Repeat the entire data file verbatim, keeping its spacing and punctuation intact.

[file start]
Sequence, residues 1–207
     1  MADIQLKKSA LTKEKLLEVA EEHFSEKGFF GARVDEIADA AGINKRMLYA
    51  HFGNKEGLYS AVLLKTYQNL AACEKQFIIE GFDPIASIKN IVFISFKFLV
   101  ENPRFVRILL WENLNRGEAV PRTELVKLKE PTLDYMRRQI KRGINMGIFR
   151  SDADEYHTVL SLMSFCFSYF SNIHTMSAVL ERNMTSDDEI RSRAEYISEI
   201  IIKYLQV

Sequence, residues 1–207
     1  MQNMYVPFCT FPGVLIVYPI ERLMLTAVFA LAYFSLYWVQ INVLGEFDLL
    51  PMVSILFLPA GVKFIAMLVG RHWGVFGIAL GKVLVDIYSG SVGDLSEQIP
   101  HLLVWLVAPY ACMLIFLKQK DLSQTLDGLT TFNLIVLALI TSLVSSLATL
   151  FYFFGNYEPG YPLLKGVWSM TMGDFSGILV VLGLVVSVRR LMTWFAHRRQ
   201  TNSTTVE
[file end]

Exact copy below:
Sequence, residues 1–207
     1  MADIQLKKSA LTKEKLLEVA EEHFSEKGFF GARVDEIADA AGINKRMLYA
    51  HFGNKEGLYS AVLLKTYQNL AACEKQFIIE GFDPIASIKN IVFISFKFLV
   101  ENPRFVRILL WENLNRGEAV PRTELVKLKE PTLDYMRRQI KRGINMGIFR
   151  SDADEYHTVL SLMSFCFSYF SNIHTMSAVL ERNMTSDDEI RSRAEYISEI
   201  IIKYLQV

Sequence, residues 1–207
     1  MQNMYVPFCT FPGVLIVYPI ERLMLTAVFA LAYFSLYWVQ INVLGEFDLL
    51  PMVSILFLPA GVKFIAMLVG RHWGVFGIAL GKVLVDIYSG SVGDLSEQIP
   101  HLLVWLVAPY ACMLIFLKQK DLSQTLDGLT TFNLIVLALI TSLVSSLATL
   151  FYFFGNYEPG YPLLKGVWSM TMGDFSGILV VLGLVVSVRR LMTWFAHRRQ
   201  TNSTTVE